# Seemingly simple block matrix

I have a seemingly simple block matrix that I want to set with as few dependencies as possible. I already have amsmath and friends loaded. The only thing I'm intent on avoiding is blkarray.

Here is what I want to make:

Here is a failed attempt of mine, which produces the most heinous spacing imaginable with lines that don't meet to make corners.

$$\begin{pmatrix}[ccc] J_1 & \begin{array}{|cc}0 & 0\\ 0 & 0\end{array} & \begin{array}{cc}0 & 0\\ 0 & 0\end{array}\\ \cline{1-2} \begin{array}{cc|}0&0\\0&0\end{array} & J_2 & \begin{array}{|cc}0&0\\0&0\end{array}\\ \cline{2-3} \begin{array}{cc}0 & 0\\ 0 & 0\end{array} & \begin{array}{cc|}0 & 0\\ 0 & 0\end{array} & J_3 \end{pmatrix}$$


Which is ugly as all get-out:

NB: I have modified pmatrix so it takes column specs as an optional argument. Just pretend it is an array.

My difficulty seems to stem from the fact that I want 2x2 blocks, while most others I've seen seem to skate by using either multirow or multicolumn, but not both.

Edit: This isn't nearly as ugly, but the vertical lines only cover half the distance of the multirow:

$$\begin{array}{cccccc} \multicolumn{2}{c|}{\multirow{2}{*}{J_1}} & 0 & 0 & 0 & 0\\ & & 0 & 0 & 0 & 0\\ \cline{1-4} 0 & 0 & \multicolumn{2}{|c|}{\multirow{2}{*}{J_1}} & 0 & 0\\ 0 & 0 & & & 0 & 0\\ \cline{3-6} 0 & 0 & 0 & 0 & \multicolumn{2}{|c}{\multirow{2}{*}{J_1}} \\ 0 & 0 & 0 & 0 & & \\ \end{array}$$


## 2 Answers

The fundamental part of the matrix construction looks like this:

\documentclass{article}
\newcommand{\mc}{\multicolumn{1}{c}}
\begin{document}

$\renewcommand{\arraystretch}{1.2} \left( \begin{array}{ c c | c c | c c } \multicolumn{1}{|c}{} & & 0 & \mc{0} & 0 & 0 \\ \multicolumn{2}{|c|}{\raisebox{.6\normalbaselineskip}[0pt][0pt]{J_1}} & 0 & \mc{0} & 0 & 0 \\ \cline{1-4} 0 & 0 & & & 0 & 0 \\ 0 & 0 & \multicolumn{2}{c|}{\raisebox{.6\normalbaselineskip}[0pt][0pt]{J_2}} & 0 & 0 \\ \cline{3-6} 0 & \mc{0} & 0 & 0 & & \multicolumn{1}{c|}{} \\ 0 & \mc{0} & 0 & 0 & \multicolumn{2}{c|}{\raisebox{.6\normalbaselineskip}[0pt][0pt]{J_3}} \end{array} \right)$

\end{document}


Perhaps it would be best to assign variables to the other components (like A and B) in order to maintain the matrix spacing.

• Thanks, this seems to get me what I want. When I added content to some of the zeros, it pushed the Js out of alignment, which I manually adjusted. Q1) How did you arrive at .6\normalbaselineskip? Q2) Can you think of a way to make the spacing automatic? Q3) Could you elaborate on your final comment about assigning labels to components? Commented Dec 11, 2014 at 19:52
• @Timtro: (Q1) .6 is half of 1.2, the new \arraystretch that I set. And, since you want the Js to be raised half the row height into position, I used .6\normalbaselineskip. (Q2) What spacing? (Q3) I was thinking along these lines, since it would keep the structure of the matrix consistent, rather than spreading things out horizontally and vertically due to A, B and C's shape/size.
– Werner
Commented Dec 11, 2014 at 20:09
• (Q2) I meant the extent of the raisebox, so one needn't manually adjust. (Q3) You mean to beautify the code, rather than the typeset product, right? Commented Dec 11, 2014 at 21:32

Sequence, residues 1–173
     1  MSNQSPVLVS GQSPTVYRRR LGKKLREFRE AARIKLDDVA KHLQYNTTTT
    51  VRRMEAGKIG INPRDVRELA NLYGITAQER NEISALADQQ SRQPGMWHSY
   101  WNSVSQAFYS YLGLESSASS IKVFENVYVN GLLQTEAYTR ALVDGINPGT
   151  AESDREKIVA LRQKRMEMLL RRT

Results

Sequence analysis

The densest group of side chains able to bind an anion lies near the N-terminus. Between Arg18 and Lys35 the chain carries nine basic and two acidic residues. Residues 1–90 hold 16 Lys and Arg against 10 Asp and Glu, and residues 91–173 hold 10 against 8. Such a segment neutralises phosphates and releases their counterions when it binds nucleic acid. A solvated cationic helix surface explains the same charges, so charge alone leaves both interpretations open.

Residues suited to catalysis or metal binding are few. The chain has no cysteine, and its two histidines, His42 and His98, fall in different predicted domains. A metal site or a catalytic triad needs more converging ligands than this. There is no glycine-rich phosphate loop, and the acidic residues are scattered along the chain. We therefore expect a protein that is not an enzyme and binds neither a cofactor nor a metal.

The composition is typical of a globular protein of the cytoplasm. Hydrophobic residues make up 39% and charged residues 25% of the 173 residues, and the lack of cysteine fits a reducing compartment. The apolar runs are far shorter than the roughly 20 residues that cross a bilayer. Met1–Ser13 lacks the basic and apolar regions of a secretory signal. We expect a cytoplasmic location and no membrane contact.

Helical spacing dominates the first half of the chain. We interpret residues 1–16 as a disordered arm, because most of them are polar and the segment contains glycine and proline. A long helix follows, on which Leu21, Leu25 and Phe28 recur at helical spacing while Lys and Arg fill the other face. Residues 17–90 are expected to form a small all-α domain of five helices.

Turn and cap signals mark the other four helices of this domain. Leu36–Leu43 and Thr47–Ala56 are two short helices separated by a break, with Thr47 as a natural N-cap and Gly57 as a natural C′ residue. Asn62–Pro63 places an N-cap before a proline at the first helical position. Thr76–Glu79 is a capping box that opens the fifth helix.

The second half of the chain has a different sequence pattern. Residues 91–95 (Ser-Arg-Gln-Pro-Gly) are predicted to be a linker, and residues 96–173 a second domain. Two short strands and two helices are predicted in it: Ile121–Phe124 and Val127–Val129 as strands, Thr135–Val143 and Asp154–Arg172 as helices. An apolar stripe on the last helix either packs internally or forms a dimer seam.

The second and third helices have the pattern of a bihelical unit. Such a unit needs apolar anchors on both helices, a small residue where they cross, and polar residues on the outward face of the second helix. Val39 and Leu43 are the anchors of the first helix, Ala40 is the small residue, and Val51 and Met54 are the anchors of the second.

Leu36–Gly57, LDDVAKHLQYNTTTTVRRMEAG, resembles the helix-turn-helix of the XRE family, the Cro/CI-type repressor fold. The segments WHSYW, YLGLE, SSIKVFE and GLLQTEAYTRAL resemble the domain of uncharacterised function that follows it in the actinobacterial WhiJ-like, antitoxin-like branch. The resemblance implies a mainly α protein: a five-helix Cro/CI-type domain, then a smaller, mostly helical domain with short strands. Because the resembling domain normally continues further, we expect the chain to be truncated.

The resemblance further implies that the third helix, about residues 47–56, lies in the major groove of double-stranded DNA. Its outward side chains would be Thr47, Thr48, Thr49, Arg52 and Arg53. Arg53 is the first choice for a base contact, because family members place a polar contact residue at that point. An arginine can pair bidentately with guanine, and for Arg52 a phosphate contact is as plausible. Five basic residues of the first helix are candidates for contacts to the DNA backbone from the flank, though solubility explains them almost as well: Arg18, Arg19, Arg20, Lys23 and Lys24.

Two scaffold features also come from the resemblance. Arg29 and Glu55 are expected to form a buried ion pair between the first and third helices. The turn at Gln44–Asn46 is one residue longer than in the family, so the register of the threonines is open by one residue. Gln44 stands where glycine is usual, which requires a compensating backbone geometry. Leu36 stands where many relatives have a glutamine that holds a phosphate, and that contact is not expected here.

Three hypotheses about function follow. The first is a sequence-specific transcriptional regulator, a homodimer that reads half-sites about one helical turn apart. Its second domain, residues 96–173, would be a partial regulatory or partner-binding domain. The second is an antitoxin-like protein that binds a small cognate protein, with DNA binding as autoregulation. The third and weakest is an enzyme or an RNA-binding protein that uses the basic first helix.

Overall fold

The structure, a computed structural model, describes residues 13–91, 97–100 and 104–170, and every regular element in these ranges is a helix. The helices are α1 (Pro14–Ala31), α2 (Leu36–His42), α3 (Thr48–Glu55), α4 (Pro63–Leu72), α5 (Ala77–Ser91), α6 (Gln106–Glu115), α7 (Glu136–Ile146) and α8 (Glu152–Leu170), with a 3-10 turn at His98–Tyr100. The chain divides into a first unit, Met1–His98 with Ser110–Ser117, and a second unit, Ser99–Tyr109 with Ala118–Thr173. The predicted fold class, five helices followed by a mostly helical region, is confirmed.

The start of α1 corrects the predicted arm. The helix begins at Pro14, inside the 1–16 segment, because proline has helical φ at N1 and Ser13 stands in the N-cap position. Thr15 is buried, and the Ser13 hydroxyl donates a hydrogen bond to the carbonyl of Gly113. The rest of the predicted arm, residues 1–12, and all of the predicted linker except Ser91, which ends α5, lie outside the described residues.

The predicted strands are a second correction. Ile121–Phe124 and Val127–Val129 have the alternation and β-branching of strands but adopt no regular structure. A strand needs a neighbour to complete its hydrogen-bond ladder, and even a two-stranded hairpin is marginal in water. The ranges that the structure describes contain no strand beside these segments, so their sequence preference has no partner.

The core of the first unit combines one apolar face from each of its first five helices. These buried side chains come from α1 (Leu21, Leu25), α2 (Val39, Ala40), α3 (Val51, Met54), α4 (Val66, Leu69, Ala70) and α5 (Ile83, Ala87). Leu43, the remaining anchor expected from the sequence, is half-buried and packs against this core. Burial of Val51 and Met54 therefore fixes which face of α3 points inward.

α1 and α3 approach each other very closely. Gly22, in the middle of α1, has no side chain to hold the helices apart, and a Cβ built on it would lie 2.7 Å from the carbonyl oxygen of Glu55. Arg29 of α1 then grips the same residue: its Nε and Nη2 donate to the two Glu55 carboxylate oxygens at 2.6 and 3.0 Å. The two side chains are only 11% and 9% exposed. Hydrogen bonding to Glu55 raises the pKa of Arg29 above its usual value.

• @Timtro: (Q2) You can use \multirow (from the multirow package; (Q3) I actually means the typeset product. In many cases, the code might be very messy, but the output is beautiful. In this case, it seems like using variables keeps both neat and tidy. But I don't know the actual use-case and therefore can only suggest something.
– Werner
Commented Dec 11, 2014 at 21:35
• I see what you mean now, WRT (Q3). I agree, and perhaps will do it. This was the motivation behind defining these Js in the first place: they are large and unsightly. WRT (Q1), This basically means combining my last attempt from last night (the edit below my original post) with your fantastic \mc trick. I tried it, and works famously. Thanks. Commented Dec 11, 2014 at 21:56

With {pNiceMatrix} of nicematrix. That environment is similar to the classical environment {pmatrix} (of amsmath) but creates PGF/Tikz nodes under the rows, cells and columns. It's possible to use those nodes to draw whatever rule you want with Tikz in the \CodeAfter.

\documentclass{article}
\usepackage{nicematrix}
\usepackage{tikz}

\begin{document}

$\begin{pNiceMatrix}[margin] \Block{2-2}{J_1} & & 0 & 0 & 0 & 0 \\ & & 0 & 0 & 0 & 0 \\ 0 & 0 & \Block{2-2}{J_2} & & 0 & 0 \\ 0 & 0 & & & 0 & 0 \\ 0 & 0 & 0 & 0 & \Block{2-2}{J_3} \\ 0 & 0 & 0 & 0 \\ \CodeAfter \begin{tikzpicture} \draw (1-|1) |- (3-|5) -- (7-|5) ; \draw (1-|3) |- (5-|7) -- (7-|7) ; \end{tikzpicture} \end{pNiceMatrix}$

\end{document}


You need several compilations (because of the PGF/Tikz nodes).

If you don't want to use Tikz explicitely, you can also specify the borders of the blocks with the key borders of the command \Block.

\documentclass{article}
\usepackage{nicematrix}
\usepackage{tikz}

\begin{document}

$\begin{pNiceMatrix}[margin] \Block[borders={left,bottom,right}]{2-2}{J_1} & & 0 & 0 & 0 & 0 \\ & & 0 & 0 & 0 & 0 \\ 0 & 0 & \Block[draw]{2-2}{J_2} & & 0 & 0 \\ 0 & 0 & & & 0 & 0 \\ 0 & 0 & 0 & 0 & \Block[borders={left,top,right}]{2-2}{J_3} \\ 0 & 0 & 0 & 0 \\ \end{pNiceMatrix}$

\end{document}


The output is the same.